Carnegie Museum must remove a piece of Hanford history

Minutes after Mayor David Ayers praised the Carnegie Museum for saving the historic bell tower from certain destruction at the old firehouse, the Hanford City Council voted to force the museum to remove it.

At Hanford’s August 21 city council meeting, the vote was 3-2 against permitting the museum to keep the structure in front of the museum. The museum moved the bell tower out of harm’s way March 1 while the city finished clearing the lot after demolishing the old firehouse.

The art deco firehouse, built in 1939 as part of a public works grant during the depression, used to sit on the corner of Lacey Boulevard and Kaweah Avenue. Demolition started in February of this year despite wide-spread dissent from the residents. The original bell that hung in the tower was removed to Fire Station No. 1 at 350 W. Grangeville Blvd., but the tower remained – until now.

The bell tower was given to the museum after Museum Director Patricia Dickerson asked City Manager Darrel Pyle to let her organization preserve this piece of Hanford’s history.

The understanding was that Dickerson was going to put the tower in the back garden but the structure was too large. It was decided to install the tower at the front of the building.

Community Development Director Darlene Mata said that allowing the structure to stay in front of the museum violated the city’s Municipal Code. The code says altering the exterior of a building located within the Historic Overlay Zone needs an Historic Resources Permit, which must be approved by the city council.

The Carnegie Museum, which leases the building from the city, is in the Historic Overlay Zone and on the local and National Registrar of Historical Places.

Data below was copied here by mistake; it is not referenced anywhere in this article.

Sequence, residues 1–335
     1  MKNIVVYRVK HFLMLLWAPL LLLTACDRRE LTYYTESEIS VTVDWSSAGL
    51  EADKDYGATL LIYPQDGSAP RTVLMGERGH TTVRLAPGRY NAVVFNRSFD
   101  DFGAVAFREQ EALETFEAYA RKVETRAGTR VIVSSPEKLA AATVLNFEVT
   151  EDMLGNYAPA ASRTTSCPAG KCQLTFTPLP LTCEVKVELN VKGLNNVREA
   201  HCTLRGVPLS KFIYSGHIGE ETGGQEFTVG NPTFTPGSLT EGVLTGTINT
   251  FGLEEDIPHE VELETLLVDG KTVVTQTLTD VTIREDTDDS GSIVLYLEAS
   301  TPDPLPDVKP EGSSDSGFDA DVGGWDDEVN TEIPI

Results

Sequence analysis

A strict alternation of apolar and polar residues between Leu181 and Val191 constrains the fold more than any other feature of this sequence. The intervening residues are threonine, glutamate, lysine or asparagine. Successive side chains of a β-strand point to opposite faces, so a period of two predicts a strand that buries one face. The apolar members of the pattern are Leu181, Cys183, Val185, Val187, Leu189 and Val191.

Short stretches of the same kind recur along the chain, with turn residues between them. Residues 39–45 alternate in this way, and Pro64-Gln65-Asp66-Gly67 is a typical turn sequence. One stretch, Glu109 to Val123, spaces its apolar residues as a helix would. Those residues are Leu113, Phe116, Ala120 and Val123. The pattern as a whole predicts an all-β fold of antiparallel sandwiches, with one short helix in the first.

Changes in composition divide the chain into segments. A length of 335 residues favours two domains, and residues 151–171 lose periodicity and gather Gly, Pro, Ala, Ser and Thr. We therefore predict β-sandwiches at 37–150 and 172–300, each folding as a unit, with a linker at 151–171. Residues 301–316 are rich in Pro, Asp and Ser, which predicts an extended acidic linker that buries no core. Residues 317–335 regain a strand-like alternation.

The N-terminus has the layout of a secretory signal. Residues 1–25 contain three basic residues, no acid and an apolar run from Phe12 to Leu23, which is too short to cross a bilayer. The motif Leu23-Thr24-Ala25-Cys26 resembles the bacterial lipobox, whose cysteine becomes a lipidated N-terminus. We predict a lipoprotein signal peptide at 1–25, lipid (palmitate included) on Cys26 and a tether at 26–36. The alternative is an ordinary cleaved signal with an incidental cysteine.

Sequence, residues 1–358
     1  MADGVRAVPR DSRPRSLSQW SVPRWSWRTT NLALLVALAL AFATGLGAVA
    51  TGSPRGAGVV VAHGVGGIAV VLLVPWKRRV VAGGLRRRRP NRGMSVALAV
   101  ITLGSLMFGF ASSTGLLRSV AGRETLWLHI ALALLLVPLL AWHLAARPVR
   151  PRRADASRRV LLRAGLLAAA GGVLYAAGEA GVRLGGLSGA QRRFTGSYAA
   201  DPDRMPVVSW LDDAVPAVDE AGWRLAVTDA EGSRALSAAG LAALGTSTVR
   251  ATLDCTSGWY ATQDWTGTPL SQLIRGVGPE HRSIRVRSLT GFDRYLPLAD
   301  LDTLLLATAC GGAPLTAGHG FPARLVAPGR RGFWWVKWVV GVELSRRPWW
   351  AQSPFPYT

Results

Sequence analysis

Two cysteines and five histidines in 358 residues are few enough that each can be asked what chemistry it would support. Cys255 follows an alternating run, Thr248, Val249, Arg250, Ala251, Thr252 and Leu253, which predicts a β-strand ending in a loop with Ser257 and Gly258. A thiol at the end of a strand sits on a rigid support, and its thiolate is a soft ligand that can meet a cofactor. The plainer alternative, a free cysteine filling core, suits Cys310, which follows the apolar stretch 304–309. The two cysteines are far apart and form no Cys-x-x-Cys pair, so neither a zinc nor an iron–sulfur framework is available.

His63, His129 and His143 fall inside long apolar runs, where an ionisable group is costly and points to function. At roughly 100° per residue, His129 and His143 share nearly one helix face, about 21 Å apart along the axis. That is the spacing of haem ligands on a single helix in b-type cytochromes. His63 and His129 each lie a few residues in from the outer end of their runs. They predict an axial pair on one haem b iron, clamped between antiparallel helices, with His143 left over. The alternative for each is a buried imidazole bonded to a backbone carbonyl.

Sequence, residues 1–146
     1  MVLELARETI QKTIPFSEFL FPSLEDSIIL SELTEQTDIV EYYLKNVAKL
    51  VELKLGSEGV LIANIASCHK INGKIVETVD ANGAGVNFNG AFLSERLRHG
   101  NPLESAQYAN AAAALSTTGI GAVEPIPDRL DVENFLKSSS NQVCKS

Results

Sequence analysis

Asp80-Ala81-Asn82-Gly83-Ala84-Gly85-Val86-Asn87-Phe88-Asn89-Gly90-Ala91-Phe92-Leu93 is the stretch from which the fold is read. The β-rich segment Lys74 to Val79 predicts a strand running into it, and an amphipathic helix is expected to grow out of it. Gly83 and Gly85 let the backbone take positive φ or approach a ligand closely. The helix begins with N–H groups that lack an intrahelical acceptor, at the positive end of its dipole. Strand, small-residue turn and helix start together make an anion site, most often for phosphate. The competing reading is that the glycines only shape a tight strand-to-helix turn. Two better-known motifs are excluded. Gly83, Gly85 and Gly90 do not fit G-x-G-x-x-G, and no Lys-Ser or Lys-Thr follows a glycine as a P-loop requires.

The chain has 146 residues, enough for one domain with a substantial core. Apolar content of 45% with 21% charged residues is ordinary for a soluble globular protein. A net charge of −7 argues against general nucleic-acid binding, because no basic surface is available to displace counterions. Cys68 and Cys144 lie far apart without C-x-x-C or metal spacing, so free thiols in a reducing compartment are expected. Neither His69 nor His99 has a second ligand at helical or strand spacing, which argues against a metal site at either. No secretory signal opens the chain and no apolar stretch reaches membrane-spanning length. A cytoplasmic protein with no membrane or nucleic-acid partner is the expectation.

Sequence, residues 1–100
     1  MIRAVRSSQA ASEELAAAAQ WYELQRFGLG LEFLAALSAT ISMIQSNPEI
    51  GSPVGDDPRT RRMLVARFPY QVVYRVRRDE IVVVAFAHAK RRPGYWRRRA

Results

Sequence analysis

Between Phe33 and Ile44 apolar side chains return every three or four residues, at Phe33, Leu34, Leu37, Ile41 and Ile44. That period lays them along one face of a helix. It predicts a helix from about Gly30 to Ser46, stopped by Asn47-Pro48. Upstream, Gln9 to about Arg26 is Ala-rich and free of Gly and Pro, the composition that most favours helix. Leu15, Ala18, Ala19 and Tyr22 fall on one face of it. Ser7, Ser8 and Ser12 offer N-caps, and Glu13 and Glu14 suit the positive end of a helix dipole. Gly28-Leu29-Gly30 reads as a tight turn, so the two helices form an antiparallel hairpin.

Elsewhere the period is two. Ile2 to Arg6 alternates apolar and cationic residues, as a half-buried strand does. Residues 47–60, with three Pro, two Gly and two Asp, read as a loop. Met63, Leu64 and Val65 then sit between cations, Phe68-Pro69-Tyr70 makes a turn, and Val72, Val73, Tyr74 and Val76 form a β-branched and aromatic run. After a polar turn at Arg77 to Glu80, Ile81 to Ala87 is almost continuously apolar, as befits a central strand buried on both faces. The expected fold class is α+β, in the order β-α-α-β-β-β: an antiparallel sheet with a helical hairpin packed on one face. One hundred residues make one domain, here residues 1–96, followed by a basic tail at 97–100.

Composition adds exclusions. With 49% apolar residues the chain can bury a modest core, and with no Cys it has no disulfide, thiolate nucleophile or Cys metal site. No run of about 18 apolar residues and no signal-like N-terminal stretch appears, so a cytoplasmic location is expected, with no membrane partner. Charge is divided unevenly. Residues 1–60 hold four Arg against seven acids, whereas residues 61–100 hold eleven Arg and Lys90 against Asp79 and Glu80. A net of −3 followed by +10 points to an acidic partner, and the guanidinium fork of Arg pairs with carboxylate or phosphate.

Mata recommended against approval of the permit because the Carnegie Museum is of Romanesque architecture while the bell structure is Art Deco. She said that according to the code, buildings in the historic district must maintain their architectural integrity. Neither tenants nor owners can make additions or alterations to an historic building that affects the original architectural style.

In addition, the fact that the bell tower was placed permanently at the front of the building makes it an extension of the building. Because the city owns the building, it now owns the bell tower.

“We own the property. We get to dictate where it goes,” said Mata.

Council Member Justin Mendes voiced his displeasure with the fact that the city couldn’t just consider the tower an exhibit of the museum. He was also miffed by the rule demanding that the combination of Romanesque and art deco architecture is a violation of municipal code.

“It’s just silly,” he repeated several times.

Mendes suggested that the council let the museum display the tower and asked that Dickerson communicate better with the city in the future.

Council member Martin Devine said he agreed with Mendes.

Vice Mayor Sue Sorensen suggested that the bell tower stay temporarily in front of the museum but be returned to its original home on Lacey Boulevard after the city decides what to do with the now vacant property. The fact that the city might take years to develop the property made her suggestion unattractive to the other council members.

Council Member Diane Sharp said that it was important that the city follow its own rules.

Mata added that the museum was in breach of its lease because it did not get a permit before altering the outside of the historic building. She also said that the city needs to apply the same rules to everyone and did not want to set a bad precedent.

The final vote was Mendes and Devine to grant the permit while Sharp, Ayers and Sorenson voted no.

It was not decided how long the museum had to remove the bell tower.

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